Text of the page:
Discovering her own role after graduation did not come easily. She suffered a long period of illness, partly physical and partly psychological. Her depression was exacerbated by the sudden death of her beloved father. She briefly attended medical school but dropped out because of illness. For eight years Addams searched for an appropriate career. Two trips to Europe were influential in her search. In London she was shocked by the poverty she observed and deeply impressed by Toynbee Hall, England's first settlement house. In Germany she was stunned by the tasks of working women she observed. Her new observations led her to question her own education. In her autobiography, Twenty Years at Hull-House, she referred to it as a "Snare of Preparation." The first generation of college women, she now believed, had been educated away from life; "somewhere in the process of 'being educated' they had lost that simple and almost automatic response to the human appeal, that healthful reaction resulting in activity from the mere presence of suffering or of helplessness … " (p. 44). She was convinced that an adequate education should not be "disconnected from the ultimate test of the conduct it inspired" (p.46).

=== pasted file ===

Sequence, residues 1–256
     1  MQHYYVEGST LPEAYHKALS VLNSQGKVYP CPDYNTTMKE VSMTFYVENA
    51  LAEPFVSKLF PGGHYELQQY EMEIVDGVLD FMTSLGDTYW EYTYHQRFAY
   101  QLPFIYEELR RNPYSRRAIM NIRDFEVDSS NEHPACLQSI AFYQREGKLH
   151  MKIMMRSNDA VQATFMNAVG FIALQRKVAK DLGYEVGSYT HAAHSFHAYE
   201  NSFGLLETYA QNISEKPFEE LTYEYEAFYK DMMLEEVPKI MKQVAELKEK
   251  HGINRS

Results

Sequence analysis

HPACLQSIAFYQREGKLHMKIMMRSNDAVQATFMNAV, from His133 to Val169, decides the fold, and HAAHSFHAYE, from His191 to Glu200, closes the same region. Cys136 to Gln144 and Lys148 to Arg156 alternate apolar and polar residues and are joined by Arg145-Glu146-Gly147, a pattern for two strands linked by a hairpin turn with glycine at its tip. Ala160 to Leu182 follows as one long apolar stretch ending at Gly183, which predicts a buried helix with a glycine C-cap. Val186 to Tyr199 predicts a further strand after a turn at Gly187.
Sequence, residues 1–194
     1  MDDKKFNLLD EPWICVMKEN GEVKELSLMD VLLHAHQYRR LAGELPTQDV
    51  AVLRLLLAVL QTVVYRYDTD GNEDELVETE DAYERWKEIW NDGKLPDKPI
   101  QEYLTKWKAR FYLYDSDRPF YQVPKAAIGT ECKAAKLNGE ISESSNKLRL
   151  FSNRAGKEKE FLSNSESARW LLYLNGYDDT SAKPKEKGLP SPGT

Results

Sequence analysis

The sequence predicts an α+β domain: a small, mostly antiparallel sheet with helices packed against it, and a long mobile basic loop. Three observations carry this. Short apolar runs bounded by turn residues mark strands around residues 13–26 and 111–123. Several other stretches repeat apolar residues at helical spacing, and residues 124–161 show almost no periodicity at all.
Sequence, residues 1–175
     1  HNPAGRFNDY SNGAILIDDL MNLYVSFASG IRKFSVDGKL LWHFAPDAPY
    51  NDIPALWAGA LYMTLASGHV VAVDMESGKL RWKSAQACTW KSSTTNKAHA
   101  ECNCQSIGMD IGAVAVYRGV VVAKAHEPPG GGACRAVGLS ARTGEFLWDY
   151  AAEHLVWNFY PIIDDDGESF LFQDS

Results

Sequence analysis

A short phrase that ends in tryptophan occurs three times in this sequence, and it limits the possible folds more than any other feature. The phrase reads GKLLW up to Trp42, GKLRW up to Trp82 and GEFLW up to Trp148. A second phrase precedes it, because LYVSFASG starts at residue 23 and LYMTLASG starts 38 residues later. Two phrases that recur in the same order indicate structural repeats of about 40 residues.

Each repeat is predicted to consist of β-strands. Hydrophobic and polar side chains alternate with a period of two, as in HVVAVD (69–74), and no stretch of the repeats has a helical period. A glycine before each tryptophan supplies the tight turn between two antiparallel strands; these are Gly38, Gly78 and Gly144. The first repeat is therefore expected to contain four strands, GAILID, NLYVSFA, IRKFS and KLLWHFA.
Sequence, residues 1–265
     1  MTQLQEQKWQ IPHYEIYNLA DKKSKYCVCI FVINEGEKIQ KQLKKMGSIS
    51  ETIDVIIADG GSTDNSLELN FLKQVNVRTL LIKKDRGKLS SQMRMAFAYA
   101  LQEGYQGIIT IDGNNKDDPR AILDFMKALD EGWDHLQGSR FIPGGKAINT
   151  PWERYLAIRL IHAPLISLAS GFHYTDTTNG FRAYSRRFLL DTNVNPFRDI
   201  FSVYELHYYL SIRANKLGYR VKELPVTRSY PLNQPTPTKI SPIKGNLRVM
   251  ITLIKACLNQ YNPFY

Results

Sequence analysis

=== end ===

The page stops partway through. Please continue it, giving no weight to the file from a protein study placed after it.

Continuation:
This was to be the philosophy of education that inspired the rest of her career. By 1889 Addams had discovered her true role when she, with her friend Ellen Gates Starr, founded Hull-House in an impoverished section of Chicago that was home to many immigrants. Hull-House was, from its very beginning, dedicated to education. One of its first activities was a nursery school. Addams pursued not only the education of her poor neighbors; an important role of this new institution was the education of the middle-class women who resided within the house. In her influential essay, "The Subjective Necessity for Social Settlements," she argues that the function of social settlements is to extend democracy beyond the political democracy envisioned by the founding fathers into a form of social democracy. Working with the poor, middle-class men and women could connect with the vitality of working people while, at the same time, sharing their knowledge and culture with others. She saw Hull-House as a place "in which young women who had been given over too exclusively to study might restore a balance of activity along traditional lines and learn of life from life itself … " (1910, p. 51). Hull-House, like other settlements, was an educational institution that protests "against a restricted view of education."